Daylight Saving Time starts at 2 a.m. on Sunday, March 14, 2010. At this time, our clocks move ahead one hour and we all lose an hour of sleep. Springing forward can have an impact on the sleep patterns of both children and adults. Montreal Children’s Hospital sleep specialist Dr. Evelyn Constantin says: “It is perfectly normal if your child has trouble falling asleep the few days following Daylight Saving Time. Since the clock has moved forward an hour, your child may not be as sleepy or as tired when bedtime rolls around. As a result, it may take a little longer for your child to fall asleep in the first few nights after the time change.”
To help your child adjust, Dr. Constantin offers these tips to ease the transition and keep sleep deprivation to a minimum.
You can gradually adjust your child’s bedtime prior to Sunday’s time change, by moving your child’s bedtime forward 15 minutes each night. For example, on Thursday night, put your child to bed 15 minutes earlier than usual, do the same on Friday and Saturday. Therefore by Sunday night, your child is right back on schedule.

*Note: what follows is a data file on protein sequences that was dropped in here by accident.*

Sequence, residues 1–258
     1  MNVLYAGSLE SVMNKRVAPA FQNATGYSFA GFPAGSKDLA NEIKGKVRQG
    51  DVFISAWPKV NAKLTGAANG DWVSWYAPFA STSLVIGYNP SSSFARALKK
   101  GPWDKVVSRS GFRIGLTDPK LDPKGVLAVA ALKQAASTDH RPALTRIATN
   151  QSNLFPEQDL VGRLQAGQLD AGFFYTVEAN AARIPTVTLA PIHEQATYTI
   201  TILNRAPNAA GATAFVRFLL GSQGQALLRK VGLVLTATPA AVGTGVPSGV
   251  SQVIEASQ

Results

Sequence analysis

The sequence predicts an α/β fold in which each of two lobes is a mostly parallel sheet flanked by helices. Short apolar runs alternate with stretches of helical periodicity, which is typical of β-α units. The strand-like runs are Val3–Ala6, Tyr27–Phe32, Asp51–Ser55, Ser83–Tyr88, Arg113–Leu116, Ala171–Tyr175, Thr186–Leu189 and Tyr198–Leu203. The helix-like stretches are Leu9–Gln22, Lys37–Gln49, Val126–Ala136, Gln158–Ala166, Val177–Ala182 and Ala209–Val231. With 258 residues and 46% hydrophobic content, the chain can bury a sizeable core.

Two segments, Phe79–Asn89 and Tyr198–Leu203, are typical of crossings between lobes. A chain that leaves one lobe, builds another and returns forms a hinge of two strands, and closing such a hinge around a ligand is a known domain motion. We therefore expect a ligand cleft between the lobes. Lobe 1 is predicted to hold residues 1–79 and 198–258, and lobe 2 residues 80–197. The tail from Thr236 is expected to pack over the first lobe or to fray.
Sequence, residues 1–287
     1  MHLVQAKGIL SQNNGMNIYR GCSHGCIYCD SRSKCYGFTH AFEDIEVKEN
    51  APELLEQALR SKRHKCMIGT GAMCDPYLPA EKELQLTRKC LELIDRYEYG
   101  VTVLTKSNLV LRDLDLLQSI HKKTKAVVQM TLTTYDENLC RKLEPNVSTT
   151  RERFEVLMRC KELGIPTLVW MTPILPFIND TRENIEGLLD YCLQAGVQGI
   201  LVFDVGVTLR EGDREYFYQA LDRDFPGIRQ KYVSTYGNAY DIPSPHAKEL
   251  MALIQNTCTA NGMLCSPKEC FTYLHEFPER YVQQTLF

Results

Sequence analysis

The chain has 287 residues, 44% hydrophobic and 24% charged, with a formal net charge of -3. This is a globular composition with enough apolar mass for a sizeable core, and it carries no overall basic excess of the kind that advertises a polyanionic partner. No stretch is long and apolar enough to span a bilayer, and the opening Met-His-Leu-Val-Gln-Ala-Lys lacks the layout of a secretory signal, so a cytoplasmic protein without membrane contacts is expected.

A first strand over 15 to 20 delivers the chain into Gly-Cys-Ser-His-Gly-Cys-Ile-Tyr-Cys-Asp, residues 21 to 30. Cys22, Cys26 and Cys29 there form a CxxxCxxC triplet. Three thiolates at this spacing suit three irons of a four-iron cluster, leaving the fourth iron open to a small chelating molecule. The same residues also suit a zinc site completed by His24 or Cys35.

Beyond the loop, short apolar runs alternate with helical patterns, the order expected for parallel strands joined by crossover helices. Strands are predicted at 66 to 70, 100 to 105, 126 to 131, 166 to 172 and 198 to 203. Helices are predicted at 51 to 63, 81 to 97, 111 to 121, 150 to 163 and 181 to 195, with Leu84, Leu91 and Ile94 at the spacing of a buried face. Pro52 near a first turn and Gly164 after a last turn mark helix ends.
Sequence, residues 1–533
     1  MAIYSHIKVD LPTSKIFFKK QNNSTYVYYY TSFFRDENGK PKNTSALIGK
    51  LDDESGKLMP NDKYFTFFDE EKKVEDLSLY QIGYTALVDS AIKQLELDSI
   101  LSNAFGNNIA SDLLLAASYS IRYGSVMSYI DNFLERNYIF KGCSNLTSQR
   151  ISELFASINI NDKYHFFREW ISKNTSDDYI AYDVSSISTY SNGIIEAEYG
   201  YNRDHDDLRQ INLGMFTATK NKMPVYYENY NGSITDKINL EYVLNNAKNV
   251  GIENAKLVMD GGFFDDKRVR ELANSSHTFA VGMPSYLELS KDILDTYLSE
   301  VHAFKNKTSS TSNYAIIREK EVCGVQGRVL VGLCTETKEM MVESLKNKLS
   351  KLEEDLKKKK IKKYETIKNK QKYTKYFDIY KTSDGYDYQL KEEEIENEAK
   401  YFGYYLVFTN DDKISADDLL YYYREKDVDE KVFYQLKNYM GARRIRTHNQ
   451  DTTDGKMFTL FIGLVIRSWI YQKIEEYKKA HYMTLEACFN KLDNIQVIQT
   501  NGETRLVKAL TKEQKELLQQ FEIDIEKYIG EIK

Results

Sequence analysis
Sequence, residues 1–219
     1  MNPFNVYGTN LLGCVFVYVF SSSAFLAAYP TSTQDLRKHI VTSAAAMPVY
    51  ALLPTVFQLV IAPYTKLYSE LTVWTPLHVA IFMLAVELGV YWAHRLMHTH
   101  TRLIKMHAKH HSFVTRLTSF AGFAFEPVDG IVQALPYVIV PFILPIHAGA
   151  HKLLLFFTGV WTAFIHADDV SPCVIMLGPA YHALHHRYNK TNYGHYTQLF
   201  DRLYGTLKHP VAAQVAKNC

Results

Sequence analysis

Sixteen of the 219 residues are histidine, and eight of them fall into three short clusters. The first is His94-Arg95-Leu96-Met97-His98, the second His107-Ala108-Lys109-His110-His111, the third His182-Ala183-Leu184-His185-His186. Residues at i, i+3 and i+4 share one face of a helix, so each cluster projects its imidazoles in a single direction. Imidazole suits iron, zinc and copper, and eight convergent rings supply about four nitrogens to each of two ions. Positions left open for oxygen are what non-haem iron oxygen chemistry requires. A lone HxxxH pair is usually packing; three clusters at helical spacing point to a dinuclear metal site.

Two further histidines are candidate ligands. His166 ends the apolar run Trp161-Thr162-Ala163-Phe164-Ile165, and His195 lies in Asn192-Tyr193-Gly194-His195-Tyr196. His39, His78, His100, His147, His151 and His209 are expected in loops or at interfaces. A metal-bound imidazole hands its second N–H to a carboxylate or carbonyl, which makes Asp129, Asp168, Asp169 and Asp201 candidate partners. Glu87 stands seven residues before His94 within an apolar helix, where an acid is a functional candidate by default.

Parents can simply decide to maintain their child’s regular sleep, wake and nap times. Keep in mind it could take your children a few days to adjust to the time change. As a result, they may be crankier than usual.
No matter which approach you take, Dr. Constantin says your child will adjust to the time change within a few days to a week. And remember, the tips above apply to mum and dad too! Parents need a good night’s rest just as much as their kids.